5 Easy Ways Destiny Could be Improved
If you haven't already heard, there's this game called Destiny that swept the video gaming nation about a month ago. Piloted by Bungie, the company that brought us the ever-popular Halo series, among others, the game pits the player, a 'Guardian' of the last remaining city on Earth, against many nefarious forces trying to eradicate mankind once and for all and destroy the Traveler, a floating, omniscient orb sent from the heavens. Whether you dig the story or not is up to personal taste, but there's no denying the game set a new standard for first-person shooters with its crisp, responsive controls and intuitive weapon upgrade system.
As time rolls on, however, more and more once-loyal gamers are crying fowl against Bungie, claiming that the game isn't as substantial as once touted. Indeed, the story itself takes fewer than ten hours to complete, and though replayability is one of Destiny's claims to fame, players currently find themselves grinding the same areas on higher-but-still-not-that-challenging levels hoping to get that next best legendary drop to finally reach that next character level.
Bungie has, in its own way, combated some of the criticism with promises of "huge" future DLC offerings and new events, but this has done little to sway gamers already turned off by the repetition of it all. Bungie could do themselves a huge favor by including these five fixes into a future patch or DLC to streamline the game and regain some ground in the next-gen race.
Make Changes to the Tower
Ah, the Tower. The hub of The City, where Guardians flock to purchase new weapons, armor, and ships, pick up a few bounties, or meet up to tackle intense challenges. The average Destiny player will find him/herself visiting the Tower multiple times during any given gaming session, often to decrypt a new engram or turn in a bounty. And while the scenery is very aesthetically pleasing, especially the first hundred-some-odd times you see it, it eventually begins to lose its charm as it becomes a cycle of senseless walking, disappointing rewards, and endless load times. In fact, it might seem that the sole purpose of the Tower is to allow the player to interact with other Guardians-- after all, you'll likely pass a group or two kicking around the ol' soccer ball on your way to the Cryptarch--, but even this aspect is handicapped by Destiny's limited interaction options. But more on that later.
So how could the Tower be improved, then? Step one: make it bigger. If there's one thing Destiny seems to try to be, with limited success, it's an MMO(RPG/FPS). Compare the Tower to any of the towns in any MMO you can think of and it's downright tiny by comparison. Granted, consoles are limited by technical specs and different online play and all that, but this is the last stronghold for the entirety of humanity: are we supposed to believe it's essentially the size of a medieval castle?
Along with the increase in size should come an increased number of vendors. As it stands, there's one non-faction weaponsmith in the entire stronghold (and his stuff is junk after level fourteen or so). There's one class-specific armorer. There's one ship salesman. Want to make the Tower more interesting? Give me capitalism! Give me options! I want the ability to say, "Man, this guy has nothing but junk. Let me check out the guy across town and see what he's got today."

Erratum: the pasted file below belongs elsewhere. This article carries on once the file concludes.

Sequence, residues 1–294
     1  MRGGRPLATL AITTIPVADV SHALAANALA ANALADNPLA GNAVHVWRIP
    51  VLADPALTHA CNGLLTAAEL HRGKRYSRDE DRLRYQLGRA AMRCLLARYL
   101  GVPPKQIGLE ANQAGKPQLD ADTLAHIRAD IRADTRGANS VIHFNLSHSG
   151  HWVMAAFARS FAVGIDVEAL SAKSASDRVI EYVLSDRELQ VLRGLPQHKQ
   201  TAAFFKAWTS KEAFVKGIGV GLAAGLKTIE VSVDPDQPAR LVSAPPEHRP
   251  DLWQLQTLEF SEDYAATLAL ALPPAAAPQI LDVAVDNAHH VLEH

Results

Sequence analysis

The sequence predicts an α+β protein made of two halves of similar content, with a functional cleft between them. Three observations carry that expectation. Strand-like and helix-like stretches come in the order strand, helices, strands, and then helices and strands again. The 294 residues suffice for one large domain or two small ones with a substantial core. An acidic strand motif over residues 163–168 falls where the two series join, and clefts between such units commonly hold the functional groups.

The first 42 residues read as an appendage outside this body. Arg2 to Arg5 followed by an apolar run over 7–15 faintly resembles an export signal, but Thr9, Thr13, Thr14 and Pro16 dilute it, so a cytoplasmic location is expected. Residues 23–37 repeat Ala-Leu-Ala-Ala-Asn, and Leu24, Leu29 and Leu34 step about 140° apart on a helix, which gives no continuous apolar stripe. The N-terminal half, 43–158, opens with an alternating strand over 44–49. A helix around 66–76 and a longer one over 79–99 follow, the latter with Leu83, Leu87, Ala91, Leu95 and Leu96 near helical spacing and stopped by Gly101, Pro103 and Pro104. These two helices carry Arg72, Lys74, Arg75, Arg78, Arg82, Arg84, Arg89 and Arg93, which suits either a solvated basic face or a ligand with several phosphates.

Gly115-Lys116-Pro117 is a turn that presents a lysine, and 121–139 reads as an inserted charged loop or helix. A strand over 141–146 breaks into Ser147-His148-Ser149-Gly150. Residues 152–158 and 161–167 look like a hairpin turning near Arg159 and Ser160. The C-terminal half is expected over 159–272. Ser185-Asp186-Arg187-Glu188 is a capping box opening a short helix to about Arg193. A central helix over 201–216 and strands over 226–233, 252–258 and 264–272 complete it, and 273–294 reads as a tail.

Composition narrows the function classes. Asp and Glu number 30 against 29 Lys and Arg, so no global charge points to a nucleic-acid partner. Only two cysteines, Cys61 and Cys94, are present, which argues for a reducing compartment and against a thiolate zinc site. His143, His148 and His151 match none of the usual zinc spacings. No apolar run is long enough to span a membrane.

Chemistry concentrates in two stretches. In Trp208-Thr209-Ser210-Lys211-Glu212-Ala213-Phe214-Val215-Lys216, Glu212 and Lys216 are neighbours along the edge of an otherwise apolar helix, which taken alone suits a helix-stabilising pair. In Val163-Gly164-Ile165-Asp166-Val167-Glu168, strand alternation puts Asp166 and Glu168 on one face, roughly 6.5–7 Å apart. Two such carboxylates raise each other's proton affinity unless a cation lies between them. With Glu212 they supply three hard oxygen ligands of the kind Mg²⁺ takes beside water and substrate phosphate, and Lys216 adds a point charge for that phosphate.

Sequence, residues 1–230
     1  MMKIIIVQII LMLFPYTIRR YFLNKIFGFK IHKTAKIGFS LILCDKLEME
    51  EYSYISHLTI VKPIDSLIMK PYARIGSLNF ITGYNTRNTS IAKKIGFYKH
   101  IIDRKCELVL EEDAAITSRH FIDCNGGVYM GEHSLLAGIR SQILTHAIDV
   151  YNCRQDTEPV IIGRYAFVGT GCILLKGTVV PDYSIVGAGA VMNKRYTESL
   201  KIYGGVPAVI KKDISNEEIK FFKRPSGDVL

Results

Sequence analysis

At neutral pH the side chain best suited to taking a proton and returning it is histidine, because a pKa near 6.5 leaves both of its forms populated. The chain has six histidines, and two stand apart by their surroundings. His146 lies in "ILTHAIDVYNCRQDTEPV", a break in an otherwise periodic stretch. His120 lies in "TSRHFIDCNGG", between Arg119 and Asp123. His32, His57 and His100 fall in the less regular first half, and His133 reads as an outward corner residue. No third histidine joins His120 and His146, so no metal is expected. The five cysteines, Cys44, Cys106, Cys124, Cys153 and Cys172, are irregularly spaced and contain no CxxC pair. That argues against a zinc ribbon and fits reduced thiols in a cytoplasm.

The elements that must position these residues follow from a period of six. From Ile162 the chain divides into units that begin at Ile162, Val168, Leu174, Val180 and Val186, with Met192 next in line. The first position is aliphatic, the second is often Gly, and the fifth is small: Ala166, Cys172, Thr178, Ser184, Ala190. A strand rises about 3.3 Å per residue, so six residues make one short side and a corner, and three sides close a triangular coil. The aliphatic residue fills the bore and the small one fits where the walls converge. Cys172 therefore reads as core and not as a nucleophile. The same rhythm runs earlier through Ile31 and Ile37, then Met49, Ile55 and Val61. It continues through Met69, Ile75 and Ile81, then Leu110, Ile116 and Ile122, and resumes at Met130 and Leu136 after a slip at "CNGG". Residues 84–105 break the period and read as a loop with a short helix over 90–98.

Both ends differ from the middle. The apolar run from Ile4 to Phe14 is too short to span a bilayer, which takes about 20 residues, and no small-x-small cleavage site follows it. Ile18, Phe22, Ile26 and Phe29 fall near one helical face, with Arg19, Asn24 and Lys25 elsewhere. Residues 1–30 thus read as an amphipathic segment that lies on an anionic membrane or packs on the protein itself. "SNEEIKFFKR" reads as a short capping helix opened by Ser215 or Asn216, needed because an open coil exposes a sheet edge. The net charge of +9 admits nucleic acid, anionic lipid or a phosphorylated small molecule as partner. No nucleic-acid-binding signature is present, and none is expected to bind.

Along this same line, it'd be nice to see the various factions each get their own areas as well. Why should the Vanguards get a nice, shiny tower (basement?) while the other factions-- even the New Monarchy, who seem to have some cash-- reside in alleys and sub-basements of shipyards? Give the Tower some character to cover up the greyness.
Give Context to the Story
About two years ago, while looking for jobs in the video game industry, I came upon a job posted on the Bungie website calling for a "Deep Story Writer." The position, from what I remember, asked for an individual who demonstrated a love of deep lore-- think The Silmarillion-levels of backstory and lineage. Flash to the present, and my only thought is, "Man, did whoever got hired to that position get screwed."
Destiny contains almost no backstory; hell, it barely contains a story. Aside from a (admittedly beautiful) opening cinematic and a few bits and pieces of exposition from your Peter Dinklage-voiced companion, a floating "ghost" robot, you're never really given an explanation as to how things ever ended up this way, why they're changing now, or why you should care.
Now, it's highly possible that Bungie put more effort into their gameplay than their story, and that's fine; it's a legitimate strategy, albeit a very Call of Duty one, but one they've pulled off fairly successfully. However, this is an RPG, and with that genre comes great responsibility: they owe it to their audience to give them all the facts they'd ever want to know about the world they're stepping into. That isn't to say they should bog gamers down in seas of useless factoids and feats of glory from unrelated characters, but some (fictional) history is essential to make players care about the (fictional) present.
For an example of games that handle this problem well, look no further than the Mass Effect series. A player could spend literally hundreds of hours reading codex entries, talking to minor characters, and exploring dialogue options to reveal a history nearly as rich and detailed as our own. On the other hand, another player could choose to ignore all of these options, barely even knowing the name of the race they've just eradicated, much less their breeding habits, and still get as much from the game as the other player.
Am I saying Bungie should straight-up copy the whole "codex" thing? Maybe, but given Bungie's history of "revolutionizing" gaming, I'd hope they could come up with something original. A good start would be to include historical tidbits during those god-awful, ship-hovering loading screens. But while we're on that subject...
Cut Some of the Loading Screens/Non-Playing Time
You put in the Destiny disc. You wait. You see the Destiny title screen. You press (X/A) to start the game. You wait. You see a list of your created characters pop up, select the one you want, and press (X/A) again to actually start the game. You go to your available locations, select the Tower (for any of the reasons listed above), and you wait as your ship flies through some wormhole, finally dropping you off at the Tower so you can actually, actually start the game.